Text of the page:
After defeating international terrorist Owen Shaw, Dominic Toretto (Vin Diesel), Brian O’Conner (Paul Walker) and the rest of the crew have separated to return to more normal lives. However, Deckard Shaw (Jason Statham), Owen’s older brother, is thirsty for revenge. A slick government agent offers to help Dom and company take care of Shaw in exchange for their help in rescuing a kidnapped computer hacker who has developed a powerful surveillance program.
I’m not gonna lie to you, I don’t like The Fast & the Furious movies, Fast 5 is the exception, but apart from that I pretty much hate each and every one. I know you’re supposed to leave your brain at the door before watching these movies but for me it’s impossible and I find the over-the-top action idiotic to say the least. Furious 7 is loaded with over-the-top action sequences which involve jumping from one building to another in what is seemingly a car with invisible wings, not to mention a poorly contrived plot about some hacking mumbo-jumbo that I couldn’t care less about.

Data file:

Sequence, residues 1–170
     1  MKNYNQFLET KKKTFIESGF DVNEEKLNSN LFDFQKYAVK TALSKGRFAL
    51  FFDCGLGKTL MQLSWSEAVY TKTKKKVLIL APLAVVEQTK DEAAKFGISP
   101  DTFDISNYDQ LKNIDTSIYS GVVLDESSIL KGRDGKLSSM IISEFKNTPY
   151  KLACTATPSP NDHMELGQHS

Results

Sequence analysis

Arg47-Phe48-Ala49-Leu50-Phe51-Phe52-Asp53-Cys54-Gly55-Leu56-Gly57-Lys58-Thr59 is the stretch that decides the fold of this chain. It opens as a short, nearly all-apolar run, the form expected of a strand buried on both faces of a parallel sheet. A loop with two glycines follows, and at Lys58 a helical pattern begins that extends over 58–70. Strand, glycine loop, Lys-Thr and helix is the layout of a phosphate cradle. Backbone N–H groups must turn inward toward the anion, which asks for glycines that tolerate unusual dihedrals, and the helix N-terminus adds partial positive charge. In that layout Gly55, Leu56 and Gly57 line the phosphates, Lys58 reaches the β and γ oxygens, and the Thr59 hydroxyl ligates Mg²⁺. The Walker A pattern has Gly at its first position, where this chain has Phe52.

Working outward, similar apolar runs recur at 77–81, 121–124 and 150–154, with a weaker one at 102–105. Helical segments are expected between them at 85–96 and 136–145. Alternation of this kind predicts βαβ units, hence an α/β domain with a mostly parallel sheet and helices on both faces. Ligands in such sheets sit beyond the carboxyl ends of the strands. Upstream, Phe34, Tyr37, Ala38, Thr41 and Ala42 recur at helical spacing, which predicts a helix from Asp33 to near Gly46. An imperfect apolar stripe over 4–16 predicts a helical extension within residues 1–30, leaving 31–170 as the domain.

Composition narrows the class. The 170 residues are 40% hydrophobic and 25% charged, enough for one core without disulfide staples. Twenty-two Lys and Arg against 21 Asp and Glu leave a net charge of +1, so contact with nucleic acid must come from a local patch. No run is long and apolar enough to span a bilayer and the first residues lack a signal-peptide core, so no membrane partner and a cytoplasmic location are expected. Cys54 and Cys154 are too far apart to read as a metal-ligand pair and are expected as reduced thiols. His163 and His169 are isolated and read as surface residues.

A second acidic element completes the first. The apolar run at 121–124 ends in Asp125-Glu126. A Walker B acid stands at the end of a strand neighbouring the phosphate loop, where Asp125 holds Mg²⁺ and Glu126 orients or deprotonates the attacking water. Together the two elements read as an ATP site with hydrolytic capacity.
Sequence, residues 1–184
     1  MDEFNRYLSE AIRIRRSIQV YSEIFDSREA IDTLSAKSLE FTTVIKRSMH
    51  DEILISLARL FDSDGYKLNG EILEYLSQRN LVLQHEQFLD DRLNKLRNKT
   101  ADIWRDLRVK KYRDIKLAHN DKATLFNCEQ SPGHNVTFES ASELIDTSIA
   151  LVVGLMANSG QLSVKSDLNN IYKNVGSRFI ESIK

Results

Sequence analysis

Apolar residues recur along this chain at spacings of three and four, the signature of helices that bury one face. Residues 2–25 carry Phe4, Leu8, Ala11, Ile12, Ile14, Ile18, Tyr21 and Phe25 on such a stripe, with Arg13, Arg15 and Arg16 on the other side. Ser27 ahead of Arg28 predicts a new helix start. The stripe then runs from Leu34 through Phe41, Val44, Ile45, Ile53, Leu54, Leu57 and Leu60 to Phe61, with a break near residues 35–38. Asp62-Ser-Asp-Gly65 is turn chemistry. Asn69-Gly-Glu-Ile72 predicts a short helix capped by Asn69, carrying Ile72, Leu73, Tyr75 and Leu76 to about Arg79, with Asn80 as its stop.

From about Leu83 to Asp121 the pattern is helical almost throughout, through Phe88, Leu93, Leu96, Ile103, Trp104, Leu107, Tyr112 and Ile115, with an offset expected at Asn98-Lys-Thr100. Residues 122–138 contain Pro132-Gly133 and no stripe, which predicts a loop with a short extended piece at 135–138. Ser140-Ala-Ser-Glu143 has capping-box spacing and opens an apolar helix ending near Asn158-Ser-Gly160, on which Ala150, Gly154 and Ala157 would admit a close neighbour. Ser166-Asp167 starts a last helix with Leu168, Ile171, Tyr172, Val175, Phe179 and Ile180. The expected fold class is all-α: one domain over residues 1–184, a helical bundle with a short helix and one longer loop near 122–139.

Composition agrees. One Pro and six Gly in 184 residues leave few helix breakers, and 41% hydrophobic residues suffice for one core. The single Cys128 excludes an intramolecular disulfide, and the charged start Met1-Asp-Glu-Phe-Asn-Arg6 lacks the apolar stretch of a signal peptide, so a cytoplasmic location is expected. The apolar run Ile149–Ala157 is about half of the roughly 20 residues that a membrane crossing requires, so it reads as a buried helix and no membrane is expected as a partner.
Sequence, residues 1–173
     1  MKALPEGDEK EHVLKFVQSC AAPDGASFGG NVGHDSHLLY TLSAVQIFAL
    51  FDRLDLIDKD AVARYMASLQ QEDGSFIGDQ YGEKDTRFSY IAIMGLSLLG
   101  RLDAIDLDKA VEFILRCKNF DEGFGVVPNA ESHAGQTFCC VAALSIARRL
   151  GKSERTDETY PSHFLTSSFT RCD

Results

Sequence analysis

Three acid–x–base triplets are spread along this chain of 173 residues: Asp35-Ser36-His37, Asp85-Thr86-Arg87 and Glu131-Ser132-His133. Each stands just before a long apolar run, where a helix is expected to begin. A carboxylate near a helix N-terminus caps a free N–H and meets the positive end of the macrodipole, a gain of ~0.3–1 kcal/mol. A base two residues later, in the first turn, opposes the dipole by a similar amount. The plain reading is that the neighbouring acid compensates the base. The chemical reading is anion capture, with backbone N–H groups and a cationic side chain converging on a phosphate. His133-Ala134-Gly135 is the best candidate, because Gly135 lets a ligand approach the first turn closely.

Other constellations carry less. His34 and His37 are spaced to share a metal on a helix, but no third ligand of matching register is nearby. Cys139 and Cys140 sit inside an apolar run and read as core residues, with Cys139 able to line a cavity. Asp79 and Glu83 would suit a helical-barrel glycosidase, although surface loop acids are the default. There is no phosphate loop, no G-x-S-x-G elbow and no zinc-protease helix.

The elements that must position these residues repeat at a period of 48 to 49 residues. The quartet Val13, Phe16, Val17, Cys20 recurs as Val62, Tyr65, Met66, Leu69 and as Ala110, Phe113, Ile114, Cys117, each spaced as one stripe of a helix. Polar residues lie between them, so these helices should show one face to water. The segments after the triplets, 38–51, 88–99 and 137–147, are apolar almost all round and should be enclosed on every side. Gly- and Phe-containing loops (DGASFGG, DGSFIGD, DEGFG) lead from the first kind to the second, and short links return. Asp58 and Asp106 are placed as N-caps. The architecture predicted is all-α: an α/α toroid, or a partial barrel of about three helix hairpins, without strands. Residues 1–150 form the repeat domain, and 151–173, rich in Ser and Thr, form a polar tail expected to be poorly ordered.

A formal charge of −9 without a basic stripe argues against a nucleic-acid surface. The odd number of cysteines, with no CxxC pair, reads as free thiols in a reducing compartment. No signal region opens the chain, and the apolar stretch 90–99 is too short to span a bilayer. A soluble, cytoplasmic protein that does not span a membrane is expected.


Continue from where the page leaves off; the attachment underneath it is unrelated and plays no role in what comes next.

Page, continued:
The acting is what it is. Vin Diesel is playing Dominic Toretto the way he plays him in every Fast and Furious movie, Paul Walker is good in his final on-screen performance, The Rock is pretty okay in his brief 15 minutes of screen-time. Jason Statham and Djimoun Honsou are the two villains in this latest installment and they’re both a bit of a hit and miss really. Honsou is the stereotypical African warlord who just can’t seem to get his hands to the hacking software known as ‘God’s Eye’ which as you would believe makes you see everyone and everything on the comfort of your laptop. Statham plays the brother of Luke Evans’s character from the last movie, Deckard Shaw. Statham is a good villain but loses his significance as one, mainly because he’s showing up literally every five minutes. It doesn’t even matter if the gang is in Abu Dhabi or L.A, Shaw’s there in a moments notice.
Furious 7 is probably just a minor step up from Furious 6, the story is a tad better balanced which makes it superior to the previous one, but inferior to Fast 5. The film had a tough job of filming many scenes without Paul Walker and much of those scenes feel disjointed. I will say that the tribute to Paul Walker is very well done, it’s both touching and emotional and that alone elevates the film to a certain extent. All together it’s nothing more than dumb popcorn entertainment and as a film, fairly mediocre, but mediocre fun.